Tuesday, March 3, 2015

Crockpot Oatmeal and Writing

I have been meaning to do this for some time and it wasn't until last night that I finally took the plunge and did it. Others had talked about how great it was to cook your oatmeal in the the crock pot. Before you go to bed in the evening, you prep that crock pot and wake to something warm and delicious. I have to say, I am now hooked. It only took one time, but this is indeed the way to go. 

What made it so great? Obviously the flavor wasn't different. In the end, oatmeal is oatmeal. What made it though was the fact that, after a few minutes in the evening, taking the time to just do that prep work, made the morning go by so much faster. I didn't have to prep breakfast. I didn't grab and "eat and go" meal for the ease. I didn't just get "something to get by." I had a great breakfast.

So what does this have to do with writing? You know that I am a big fan of plotting. I know there are a lot of you out there that complain over and over again that plotting ruins your creativity, it ruins your voice. In all honesty, I think these are nothing more than excuses. You don't want to change what you are doing. I get it! Change is tough. But the benefits so out weight the negatives.

One of my clients just signed her first contract. Up until now, we have been lingering over stories. We get to the project when we get to it. She is also someone who was always writing from that pantster approach. She just let the story evolve. But now that approach might have to go out the door. With the deadlines of new projects on the horizon, waiting to see what will happen next in her story isn't going to work. 

During this transition from pantster to plotter, we talked about her upcoming projects. As we "plotted the story" she saw how meeting that deadline wasn't going to be an issue. Please understand that by plotting, we did nothing more than identify a premise, create a beginning middle and end, and really work out what the conflict in the story would be. That was it. We weren't outlining chapter by chapter. We weren't creating story boards. We just needed a vision of where to go with the story.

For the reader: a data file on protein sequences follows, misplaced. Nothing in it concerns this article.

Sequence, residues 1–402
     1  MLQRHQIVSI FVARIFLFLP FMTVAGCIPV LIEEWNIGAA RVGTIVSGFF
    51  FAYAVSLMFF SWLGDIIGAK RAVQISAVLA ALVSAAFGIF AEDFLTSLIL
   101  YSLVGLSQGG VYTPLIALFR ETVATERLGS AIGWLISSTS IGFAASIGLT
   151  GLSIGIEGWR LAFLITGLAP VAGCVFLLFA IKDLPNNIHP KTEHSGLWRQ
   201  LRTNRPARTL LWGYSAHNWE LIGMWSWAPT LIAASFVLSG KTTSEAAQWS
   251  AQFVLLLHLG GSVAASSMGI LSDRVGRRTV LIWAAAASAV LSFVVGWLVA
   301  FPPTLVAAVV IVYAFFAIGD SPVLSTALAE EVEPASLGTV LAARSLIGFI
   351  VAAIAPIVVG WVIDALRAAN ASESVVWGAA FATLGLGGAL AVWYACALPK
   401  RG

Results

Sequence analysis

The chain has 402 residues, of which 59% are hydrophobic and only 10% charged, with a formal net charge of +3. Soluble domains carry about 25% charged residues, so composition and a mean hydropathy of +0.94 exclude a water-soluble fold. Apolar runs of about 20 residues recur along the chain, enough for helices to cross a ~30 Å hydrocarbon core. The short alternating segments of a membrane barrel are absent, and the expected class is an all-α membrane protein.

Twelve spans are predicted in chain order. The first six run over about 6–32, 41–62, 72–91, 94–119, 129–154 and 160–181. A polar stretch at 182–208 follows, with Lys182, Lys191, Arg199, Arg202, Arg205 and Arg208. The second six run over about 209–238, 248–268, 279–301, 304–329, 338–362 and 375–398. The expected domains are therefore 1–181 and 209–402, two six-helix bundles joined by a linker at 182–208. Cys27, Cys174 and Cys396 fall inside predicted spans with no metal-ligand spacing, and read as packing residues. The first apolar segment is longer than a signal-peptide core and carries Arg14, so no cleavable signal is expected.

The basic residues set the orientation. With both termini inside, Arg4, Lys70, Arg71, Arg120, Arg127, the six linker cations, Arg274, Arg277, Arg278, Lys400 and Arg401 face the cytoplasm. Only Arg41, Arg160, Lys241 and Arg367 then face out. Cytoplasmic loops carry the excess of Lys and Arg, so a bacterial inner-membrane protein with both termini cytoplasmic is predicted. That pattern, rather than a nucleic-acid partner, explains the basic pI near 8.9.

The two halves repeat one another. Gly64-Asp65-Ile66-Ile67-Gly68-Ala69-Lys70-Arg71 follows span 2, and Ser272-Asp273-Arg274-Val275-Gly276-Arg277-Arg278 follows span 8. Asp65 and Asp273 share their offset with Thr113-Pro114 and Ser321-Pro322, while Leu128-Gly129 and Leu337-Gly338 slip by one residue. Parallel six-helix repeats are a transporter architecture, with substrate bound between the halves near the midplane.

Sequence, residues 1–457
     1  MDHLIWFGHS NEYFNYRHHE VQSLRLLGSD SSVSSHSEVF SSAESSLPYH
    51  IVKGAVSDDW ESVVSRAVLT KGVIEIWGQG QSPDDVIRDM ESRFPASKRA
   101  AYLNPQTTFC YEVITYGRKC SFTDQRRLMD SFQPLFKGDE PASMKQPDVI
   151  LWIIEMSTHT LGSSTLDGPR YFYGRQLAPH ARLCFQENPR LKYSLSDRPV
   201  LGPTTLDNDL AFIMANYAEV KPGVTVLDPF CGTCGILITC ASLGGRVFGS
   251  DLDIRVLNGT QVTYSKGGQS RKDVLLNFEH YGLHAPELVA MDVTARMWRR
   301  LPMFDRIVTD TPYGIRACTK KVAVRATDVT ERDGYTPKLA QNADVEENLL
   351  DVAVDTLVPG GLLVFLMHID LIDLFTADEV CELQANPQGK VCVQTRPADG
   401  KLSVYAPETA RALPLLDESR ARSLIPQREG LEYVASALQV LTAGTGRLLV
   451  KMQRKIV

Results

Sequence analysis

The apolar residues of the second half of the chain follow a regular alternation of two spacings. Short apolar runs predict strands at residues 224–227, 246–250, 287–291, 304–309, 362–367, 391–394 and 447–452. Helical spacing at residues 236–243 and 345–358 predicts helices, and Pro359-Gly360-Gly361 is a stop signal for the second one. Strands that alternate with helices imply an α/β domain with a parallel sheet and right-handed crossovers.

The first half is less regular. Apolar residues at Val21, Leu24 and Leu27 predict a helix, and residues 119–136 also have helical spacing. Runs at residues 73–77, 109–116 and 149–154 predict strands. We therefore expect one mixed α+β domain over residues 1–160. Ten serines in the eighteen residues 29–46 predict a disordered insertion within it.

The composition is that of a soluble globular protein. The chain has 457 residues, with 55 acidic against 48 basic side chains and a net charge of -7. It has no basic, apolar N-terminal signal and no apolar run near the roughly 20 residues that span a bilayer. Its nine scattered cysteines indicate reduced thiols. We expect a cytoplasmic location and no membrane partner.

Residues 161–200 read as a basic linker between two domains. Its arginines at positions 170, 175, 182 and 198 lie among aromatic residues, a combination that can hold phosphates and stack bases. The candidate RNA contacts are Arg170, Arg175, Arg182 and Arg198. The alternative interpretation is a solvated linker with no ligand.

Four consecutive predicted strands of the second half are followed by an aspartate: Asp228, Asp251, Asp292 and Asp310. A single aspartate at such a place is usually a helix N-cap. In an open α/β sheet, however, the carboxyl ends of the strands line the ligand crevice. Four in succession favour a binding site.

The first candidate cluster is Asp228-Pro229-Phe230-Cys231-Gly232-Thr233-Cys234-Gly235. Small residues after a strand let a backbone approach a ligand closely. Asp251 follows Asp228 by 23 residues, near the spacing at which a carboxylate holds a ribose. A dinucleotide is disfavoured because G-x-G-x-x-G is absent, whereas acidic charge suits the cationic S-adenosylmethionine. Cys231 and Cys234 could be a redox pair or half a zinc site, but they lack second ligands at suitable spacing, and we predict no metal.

The other benefit to prepping the story in advance, is the time it saves having to go back and edit again. Those writers who did the NaNoWriMo are probably feeling that as they are sorting through a huge mess of a story. Seeing that project before they started writing would have saved them a lot of time.

Look, I can't tell people what to do. Like the oatmeal, people have told me the great benefits but I always complained that "I didn't have the time in the evening" or "But what if I wanted something else in the morning." But I tried it. I took the plunge. And it worked.

Now, will I have oatmeal every day? Probably not. Will there be days when I wake up and think I want an Egg McMuffin instead? Probably. But that doesn't mean the benefits of that oatmeal are not there. 

I dare you non-plotters. Try it. You might like it.


  1. I tried to be a pantser. I really did...which is why it took me 3 years to finish my first story. It never really came together until I plotted it out. Last weekend, I covered an entire section of my wall with a plotting board. Instead of shutting down my creativity, the ideas began flowing and I discovered a hidden set of conflicts for my characters. I love plotting! Oatmeal, not so much.